Of all the many patterns that shape our lives, some patterns are simple and delightful, like stamps and stitching. But the truth is, some are painful patterns that we cannot change; we have to learn to work them with gentleness and grace, to accommodate them even when it is hard to accept them. Some are harmful patterns that must be recognized so they can be broken, turned into something new or unraveled completely. 

And some are patterns we can trust, patterns we can learn to read so we can take up the work and continue them faithfully, one stitch at a time. The Scripture we heard this morning from Isaiah 42 is this kind of pattern. This is one of four “servant songs” in the book of Isaiah. The prophet Isaiah lived around seven centuries—many, many generations—before Jesus came into the picture. Isaiah’s prophecies span the time when the people of Israel lived in exile in Babylon, and Isaiah proclaimed messages of both judgment and hope to God’s oppressed and dispersed people.

The “servant song” in Isaiah 42 describes a special servant of God who will “bring forth justice to the nations,” who will “not cry out or lift up his voice,” who will “not grow faint or be crushed.” When Christians hear the prophet’s pattern for a humble servant who comes to bring God’s justice, we recognize a picture of Jesus. Especially on this day, Isaiah’s description of the servant “whom I uphold, my chosen, in whom my soul delights” reminds us of Jesus’s baptism, and the astounding voice from the heavens breaking through the clouds to declare that Jesus is God’s Son, whom God loves, with whom God is well pleased. But this “servant song” is not just a picture of Jesus. Isaiah 42 is a pattern for all God’s people.

Seven-hundred-something years before Jesus’s advent, when the prophet Isaiah first delivered these words from God to the exiled people of Israel, the people needed hope and promise and direction and renewal now, not just in a distant future, not just for generations they would not live to see. They were defeated, separated by force from their homeland and from the center of their spiritual life. They needed to see the strands that joined them together with the generations of faithful servants who came before them. They needed to see themselves in the work that God was still knitting, even through hardship and harm’s way, to bring justice and righteousness to the whole world. They needed to hear the prophet’s call to live faithfully in pattern, because God intended to keep working even in and through them. 

From generation to generation. To Jesus. And even to us.

Over and over again Matthew’s Gospel points out the pattern that knits the life of Jesus together with the ancient Hebrew Scriptures. Matthew expects his readers to be familiar with the exodus and the exile, with the Promised Land and the prophets’ proclamations. With Jesus’s baptism, Matthew’s audience is supposed to have this epiphany: that Jesus, standing in the river with John the Baptizer, is the servant described by Isaiah, the beloved one whom God upholds. For Matthew, Jesus’s conception, his birth, his baptism, his ministry, and his suffering all bear out the messages of Isaiah and the other Old Testament prophets.

Yes, Jesus lived and served and suffered in ways that were completely unique, but he also lived and served and suffered in ways that were completely “in pattern.” He did not come out of nowhere. Jesus’s way was God’s way, and God’s way is the way of God’s people, all God’s faithful servants who take up the pattern, from generation to generation. 

Listen again to some of Isaiah 42; can you hear the pattern?

Thus says God, the Lord, “I am the Lord, I have called you in righteousness, I have taken you by the hand and kept you; I have given you as a covenant to the people, a light to the nations, to open the eyes that are blind, to bring out prisoners from the dungeon, from the prison those who sit in darkness. I am the Lord, that is my name; my glory I give to no other, nor my praise to idols. See, the former things have come to pass, and new things I now declare; before they spring forth, I tell you of them.” (Is 42:1-2a, 3b, 4, 5a, 6-9)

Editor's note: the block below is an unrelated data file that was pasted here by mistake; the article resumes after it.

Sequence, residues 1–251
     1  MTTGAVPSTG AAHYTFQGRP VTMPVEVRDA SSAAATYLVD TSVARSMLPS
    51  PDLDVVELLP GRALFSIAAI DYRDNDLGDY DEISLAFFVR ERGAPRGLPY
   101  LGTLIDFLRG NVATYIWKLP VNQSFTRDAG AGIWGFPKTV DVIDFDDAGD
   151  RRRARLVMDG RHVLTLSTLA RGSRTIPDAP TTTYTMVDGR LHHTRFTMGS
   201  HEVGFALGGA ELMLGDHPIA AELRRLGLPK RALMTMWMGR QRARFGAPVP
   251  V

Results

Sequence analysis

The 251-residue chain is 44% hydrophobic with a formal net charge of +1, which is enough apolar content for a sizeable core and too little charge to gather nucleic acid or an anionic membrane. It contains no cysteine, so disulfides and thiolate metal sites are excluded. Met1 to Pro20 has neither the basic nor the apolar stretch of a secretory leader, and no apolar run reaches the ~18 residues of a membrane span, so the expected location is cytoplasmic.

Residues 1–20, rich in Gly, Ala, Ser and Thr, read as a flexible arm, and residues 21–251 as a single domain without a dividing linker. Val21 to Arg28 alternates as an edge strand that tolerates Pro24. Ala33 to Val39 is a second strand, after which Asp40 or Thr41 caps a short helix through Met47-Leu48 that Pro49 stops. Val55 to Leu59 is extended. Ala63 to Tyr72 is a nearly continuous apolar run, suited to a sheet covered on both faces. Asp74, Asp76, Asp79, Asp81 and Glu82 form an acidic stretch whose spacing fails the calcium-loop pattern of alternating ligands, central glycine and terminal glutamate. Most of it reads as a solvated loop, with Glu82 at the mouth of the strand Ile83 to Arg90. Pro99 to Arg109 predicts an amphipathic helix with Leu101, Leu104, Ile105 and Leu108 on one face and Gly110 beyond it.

Knitters “read the work” so we can pick up yarn and needles and add to the stitching that has already begun. When we “read the work” of Isaiah’s “servant song” we see the pattern established, the “former things” that make the way for God’s ongoing work of delight, of justice, of restoration. We recognize this pattern in the lives of faithful servants like Abraham, Moses, Joshua, Samuel, David. We recognize it in faithful prophets like Jeremiah and Ezekiel and Isaiah himself. We recognize it in faithful women, like Deborah and Esther, Ruth and Rahab. We recognize it in Jesus, the Beloved Son, and in those who joined the pattern through Jesus’s ministry: the fishermen who became disciples, the women who served and followed and led, the zealous persecutor who became the zealous apostle, all the visionaries and the letter-writers and the very first church folks. 

In the prophet’s words and in the Bible’s stories we recognize all God’s faithful servants and God’s beloved Son. And around the table—this table, and every table wherever, whenever we gather with family, friends, and communities of faith—we recognize the generations of people who take up God’s work today. We see where we came from, the former things come to pass, and we see where new designs are springing forth, ready for us to join in. God, who has worked this pattern from the beginning, is working it still, even in and through us. The pattern that was set in place long before we came into the picture continues when we learn to read the work, then take up the strands and knit together, one fumbling stitch at a time.

God, where there are patterns in our lives, in our communities, and in our nation that need gentle care, give us grace to tend them. Where there are patterns that must be broken, give us courage and strength to unravel them. And where you have set patterns of faithfulness, of justice, of restoration, of deep love and delight, teach us to read your work so we can join you in making things new. Amen.

And now may the Lord bless you and keep you—and keep you in pattern. May the Lord make his face to shine upon you and uphold you be gracious to you. May the Lord lift up his countenance upon you and delight in you, and give you peace, now and forever. Amen.